If the Coronavirus Is Airborne, What Does It Mean for Us?

As the economy opens up, distancing, masks, and ventilation become more important than ever

Photo: Jeenah Moon/Stringer/Getty Images

“Fairly large droplets that are coming from people talking, coughing, sneezing, breathing, singing will float in the air depending on how much air movement we have.”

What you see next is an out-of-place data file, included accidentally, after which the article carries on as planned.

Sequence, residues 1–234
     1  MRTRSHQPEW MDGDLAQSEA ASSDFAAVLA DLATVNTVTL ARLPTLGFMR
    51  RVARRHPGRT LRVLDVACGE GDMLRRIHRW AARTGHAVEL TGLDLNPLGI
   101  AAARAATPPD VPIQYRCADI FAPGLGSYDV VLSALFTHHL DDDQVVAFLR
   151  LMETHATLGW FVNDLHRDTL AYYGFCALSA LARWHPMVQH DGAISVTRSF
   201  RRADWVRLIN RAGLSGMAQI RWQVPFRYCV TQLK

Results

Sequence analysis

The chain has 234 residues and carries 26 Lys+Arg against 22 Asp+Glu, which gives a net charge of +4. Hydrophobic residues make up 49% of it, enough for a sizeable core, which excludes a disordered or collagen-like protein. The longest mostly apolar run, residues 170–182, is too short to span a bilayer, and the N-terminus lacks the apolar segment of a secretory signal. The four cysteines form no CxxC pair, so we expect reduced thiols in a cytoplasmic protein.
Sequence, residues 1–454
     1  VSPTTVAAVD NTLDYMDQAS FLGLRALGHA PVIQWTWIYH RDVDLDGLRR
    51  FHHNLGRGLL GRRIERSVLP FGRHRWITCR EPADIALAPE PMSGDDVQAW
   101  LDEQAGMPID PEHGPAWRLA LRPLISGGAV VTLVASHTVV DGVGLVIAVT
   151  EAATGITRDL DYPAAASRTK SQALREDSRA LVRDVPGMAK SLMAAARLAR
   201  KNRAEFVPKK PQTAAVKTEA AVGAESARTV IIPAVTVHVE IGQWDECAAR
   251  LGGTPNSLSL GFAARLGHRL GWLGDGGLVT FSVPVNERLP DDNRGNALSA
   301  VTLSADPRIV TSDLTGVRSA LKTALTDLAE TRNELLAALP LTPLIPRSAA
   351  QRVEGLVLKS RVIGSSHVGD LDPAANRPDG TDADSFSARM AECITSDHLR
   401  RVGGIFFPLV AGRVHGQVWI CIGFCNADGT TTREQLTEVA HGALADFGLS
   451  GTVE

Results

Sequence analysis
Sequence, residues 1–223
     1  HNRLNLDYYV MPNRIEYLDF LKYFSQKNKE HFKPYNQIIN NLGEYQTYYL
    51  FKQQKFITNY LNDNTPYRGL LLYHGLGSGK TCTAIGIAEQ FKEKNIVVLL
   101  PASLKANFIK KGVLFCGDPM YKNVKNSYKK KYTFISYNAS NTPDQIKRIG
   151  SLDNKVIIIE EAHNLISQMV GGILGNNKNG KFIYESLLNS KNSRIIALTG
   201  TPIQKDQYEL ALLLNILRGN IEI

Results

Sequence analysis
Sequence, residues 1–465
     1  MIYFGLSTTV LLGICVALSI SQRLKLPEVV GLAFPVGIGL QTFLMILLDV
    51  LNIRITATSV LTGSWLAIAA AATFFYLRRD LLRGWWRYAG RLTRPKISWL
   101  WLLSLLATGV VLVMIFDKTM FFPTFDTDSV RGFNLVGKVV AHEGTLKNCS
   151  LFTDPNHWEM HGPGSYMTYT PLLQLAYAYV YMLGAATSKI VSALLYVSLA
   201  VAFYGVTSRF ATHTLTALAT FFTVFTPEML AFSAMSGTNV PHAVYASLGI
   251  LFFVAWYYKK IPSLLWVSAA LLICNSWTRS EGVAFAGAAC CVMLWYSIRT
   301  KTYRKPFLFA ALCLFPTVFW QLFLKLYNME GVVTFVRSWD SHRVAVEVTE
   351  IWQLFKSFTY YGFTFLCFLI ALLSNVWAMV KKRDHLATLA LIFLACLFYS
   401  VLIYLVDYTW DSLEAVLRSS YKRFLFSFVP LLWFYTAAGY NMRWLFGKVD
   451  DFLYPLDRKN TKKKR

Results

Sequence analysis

“Are we most vulnerable in the nose or in the lungs? And what difference does it make how you got infected with it? It may make a difference.”

“At this day and age, any indoor environment where there are other people […] the same criteria hold: as much distance as possible and then mask.”

Health and science writer • PhD in 🧠 • Words in Scientific American, STAT, The Atlantic, The Guardian • Award-winning Covid-19 coverage for Elemental

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